14 Matching Annotations
  1. Jan 2023
  2. Feb 2022
  3. Sep 2021
    1. Creativity and productivity do indeed require a room of one’s own.

      My mind immediately jumps to Virginia Woolf here.

  4. Aug 2021
    1. Let us take down one of those old notebooks which we have all, at one time or another, had a passion for beginning. Most of the pages are blank, it is true; but at the beginning we shall find a certain number very beautifully covered with a strikingly legible handwriting….here we have copied out fine passages from the classics;…here, most interesting of all, lists of books that have actually been read, as the reader testifies with some youthful vanity by a dash of red ink. ~ Virginia Woolf, “Hours in a Library”
  5. Feb 2021
    1. Woolf achieves two things: she argues that illness has been unfairly dismissed as unworthy of representation in literature, and, before she has even made this argument, she has already proved it by showing the vast range of experiences that illness comprises, the way sickness makes even an otherwise mundane experience seem tinged with Bardic drama, or the rainy-night fire of noir; illness, in other words, contains the grand battles and unmapped tundras and emotions bright-dark as Picasso’s harlequins present in so many books labeled “important,” yet it rarely appears as a main theme.

      Woolf achieves justification for illness

    2. “Considering how common illness is,” Woolf writes, how tremendous the spiritual change that it brings, how astonishing, when the lights of health go down, the undiscovered countries that are then disclosed, what wastes and deserts of the soul a slight attack of influenza brings to view, what precipices and lawns sprinkled with bright flowers a little rise of temperature reveals, what ancient and obdurate oaks are uprooted in us by the act of sickness, how we go down into the pit of death and feel the waters of annihilation close above our heads and wake thinking to find ourselves in the presence of the angels and the harpers when we have a tooth out and come to the surface in the dentist’s arm-chair and confuse his “Rinse the mouth—rinse the mouth”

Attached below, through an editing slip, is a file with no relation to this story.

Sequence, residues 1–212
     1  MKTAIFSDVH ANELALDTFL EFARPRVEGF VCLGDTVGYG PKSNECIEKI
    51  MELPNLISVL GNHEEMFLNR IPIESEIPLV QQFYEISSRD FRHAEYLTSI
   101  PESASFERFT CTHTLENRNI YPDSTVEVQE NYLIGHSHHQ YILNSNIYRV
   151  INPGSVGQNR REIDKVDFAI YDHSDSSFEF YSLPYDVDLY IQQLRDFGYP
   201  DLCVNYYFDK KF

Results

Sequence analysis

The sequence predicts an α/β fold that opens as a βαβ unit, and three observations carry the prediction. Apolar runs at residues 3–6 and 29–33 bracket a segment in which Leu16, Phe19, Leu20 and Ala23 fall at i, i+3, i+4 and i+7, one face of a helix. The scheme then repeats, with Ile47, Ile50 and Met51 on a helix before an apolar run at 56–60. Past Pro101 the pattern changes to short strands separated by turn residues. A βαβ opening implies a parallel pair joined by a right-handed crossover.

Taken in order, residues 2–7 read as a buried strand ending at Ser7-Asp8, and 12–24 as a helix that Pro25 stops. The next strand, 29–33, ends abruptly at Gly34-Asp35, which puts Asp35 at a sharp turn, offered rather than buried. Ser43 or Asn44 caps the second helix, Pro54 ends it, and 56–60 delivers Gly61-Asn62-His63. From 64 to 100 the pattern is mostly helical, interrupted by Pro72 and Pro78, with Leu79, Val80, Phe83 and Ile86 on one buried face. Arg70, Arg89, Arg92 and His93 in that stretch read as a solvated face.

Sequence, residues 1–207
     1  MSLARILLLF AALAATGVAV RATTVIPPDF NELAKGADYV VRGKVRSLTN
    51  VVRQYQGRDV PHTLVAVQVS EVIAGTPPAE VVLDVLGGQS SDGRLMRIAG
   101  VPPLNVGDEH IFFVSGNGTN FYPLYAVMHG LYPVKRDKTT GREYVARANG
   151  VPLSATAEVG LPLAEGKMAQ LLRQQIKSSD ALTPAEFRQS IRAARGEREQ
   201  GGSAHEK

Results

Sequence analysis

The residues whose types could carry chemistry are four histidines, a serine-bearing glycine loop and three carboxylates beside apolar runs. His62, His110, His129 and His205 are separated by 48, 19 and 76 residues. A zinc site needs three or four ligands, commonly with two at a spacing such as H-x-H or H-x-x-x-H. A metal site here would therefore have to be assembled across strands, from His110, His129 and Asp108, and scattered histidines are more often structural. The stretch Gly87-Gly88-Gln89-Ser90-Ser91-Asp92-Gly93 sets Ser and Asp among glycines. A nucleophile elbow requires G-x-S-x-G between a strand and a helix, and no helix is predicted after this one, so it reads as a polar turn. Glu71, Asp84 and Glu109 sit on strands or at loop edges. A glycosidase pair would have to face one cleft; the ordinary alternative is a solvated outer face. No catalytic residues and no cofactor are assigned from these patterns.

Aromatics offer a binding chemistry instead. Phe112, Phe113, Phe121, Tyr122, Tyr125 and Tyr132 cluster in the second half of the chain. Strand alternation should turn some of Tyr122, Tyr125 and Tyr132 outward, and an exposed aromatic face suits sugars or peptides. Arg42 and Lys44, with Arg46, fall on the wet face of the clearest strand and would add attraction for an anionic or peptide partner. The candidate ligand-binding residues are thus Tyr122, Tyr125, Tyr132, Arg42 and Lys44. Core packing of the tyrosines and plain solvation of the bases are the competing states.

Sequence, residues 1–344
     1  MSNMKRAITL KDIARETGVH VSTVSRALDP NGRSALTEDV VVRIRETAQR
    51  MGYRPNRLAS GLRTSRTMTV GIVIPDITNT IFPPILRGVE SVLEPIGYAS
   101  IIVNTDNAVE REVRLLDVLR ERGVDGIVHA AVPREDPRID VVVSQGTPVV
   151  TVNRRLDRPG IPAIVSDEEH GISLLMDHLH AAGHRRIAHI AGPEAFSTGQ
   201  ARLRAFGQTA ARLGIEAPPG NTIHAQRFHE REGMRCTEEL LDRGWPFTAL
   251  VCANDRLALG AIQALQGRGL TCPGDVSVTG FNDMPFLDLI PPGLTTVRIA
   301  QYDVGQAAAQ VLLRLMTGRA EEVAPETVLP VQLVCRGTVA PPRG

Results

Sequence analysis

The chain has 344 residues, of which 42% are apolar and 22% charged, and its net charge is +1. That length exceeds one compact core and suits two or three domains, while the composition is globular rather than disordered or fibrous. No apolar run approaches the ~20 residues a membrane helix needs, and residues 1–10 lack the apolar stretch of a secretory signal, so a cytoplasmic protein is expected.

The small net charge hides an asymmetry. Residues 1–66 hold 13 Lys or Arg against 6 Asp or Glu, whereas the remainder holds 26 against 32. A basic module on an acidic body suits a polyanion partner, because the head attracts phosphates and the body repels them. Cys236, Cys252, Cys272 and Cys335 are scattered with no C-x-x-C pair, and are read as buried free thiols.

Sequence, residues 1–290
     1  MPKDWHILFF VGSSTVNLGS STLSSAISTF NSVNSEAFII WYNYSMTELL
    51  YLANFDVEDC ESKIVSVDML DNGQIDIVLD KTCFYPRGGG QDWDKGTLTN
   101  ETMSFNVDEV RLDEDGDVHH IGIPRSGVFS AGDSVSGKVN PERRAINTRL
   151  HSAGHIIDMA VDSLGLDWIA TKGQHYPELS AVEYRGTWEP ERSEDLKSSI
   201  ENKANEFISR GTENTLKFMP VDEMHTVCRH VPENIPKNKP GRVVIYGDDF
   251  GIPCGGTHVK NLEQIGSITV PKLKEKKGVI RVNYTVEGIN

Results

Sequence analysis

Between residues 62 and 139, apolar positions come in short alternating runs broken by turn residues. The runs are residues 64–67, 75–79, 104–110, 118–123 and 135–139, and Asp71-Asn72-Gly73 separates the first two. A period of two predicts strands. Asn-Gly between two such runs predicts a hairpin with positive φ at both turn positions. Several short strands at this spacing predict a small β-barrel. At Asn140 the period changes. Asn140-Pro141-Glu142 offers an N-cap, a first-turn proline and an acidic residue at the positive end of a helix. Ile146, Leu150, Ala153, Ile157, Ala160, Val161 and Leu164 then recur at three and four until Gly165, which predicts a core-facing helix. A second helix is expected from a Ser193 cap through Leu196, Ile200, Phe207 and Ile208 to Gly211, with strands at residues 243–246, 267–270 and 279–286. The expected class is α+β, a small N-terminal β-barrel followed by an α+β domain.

The elaboration of why it is

      a strange thing illness has not taken its place with love and battle and jealousy among the prime themes of literature

  6. Mar 2019
  7. Jan 2019
    1. The wonderful, poisonous story of Botulism. The killer story

      This seems to provide a connection to the botulism definition earlier in the text. Maybe she was referring to heroism being a poisonous due to it being imperfect and only including the "male" aspect of the story.

    2. her"/Jism, defined as"botulism.

      Botulism comes from the the German Botulismus which pretty much means sausage which is a the source of the botulin toxin which was discovered around 1897. Botulism is potentially fatal now, but in the past was extremely fatal. Maybe I am looking into this too much, but was Woolf trying to make heroism seem like something that was poisonous due to it being imperfect or did she just redefine it because it sounded different?

  8. Apr 2017
    1. new discursive resources for onvu,J women writer

      Woolf was quite versed in this since she was dertermined to write about her agenda without catching the attention of those who wish to ban books with her topics of choice.

  9. Mar 2017
    1. the payment that he re-ceives from the community or from individuals;

      This is only one of many factors, but the materiality is--I think--crucial, and recalls Woolf's five hundred pounds a year.

  10. Feb 2017
  11. Aug 2014
    1. INTERVIEWER On the subject of being a woman writer in a man’s world, you’ve mentioned A Room of One’s Own as a touchstone. LE GUIN My mother gave it to me. It is an important book for a mother to give a daughter. She gave me A Room of One’s Own and Three Guineas when I was a teenager. So she corrupted me thoroughly, bless her heart. Though you know, in the 1950s, A Room of One’s Own was kind of tough going. Writing was something that men set the rules for, and I had never questioned that. The women who questioned those rules were too revolutionary for me even to know about them. So I fit myself into the man’s world of writing and wrote like a man, presenting only the male point of view. My early books are all set in a man’s world.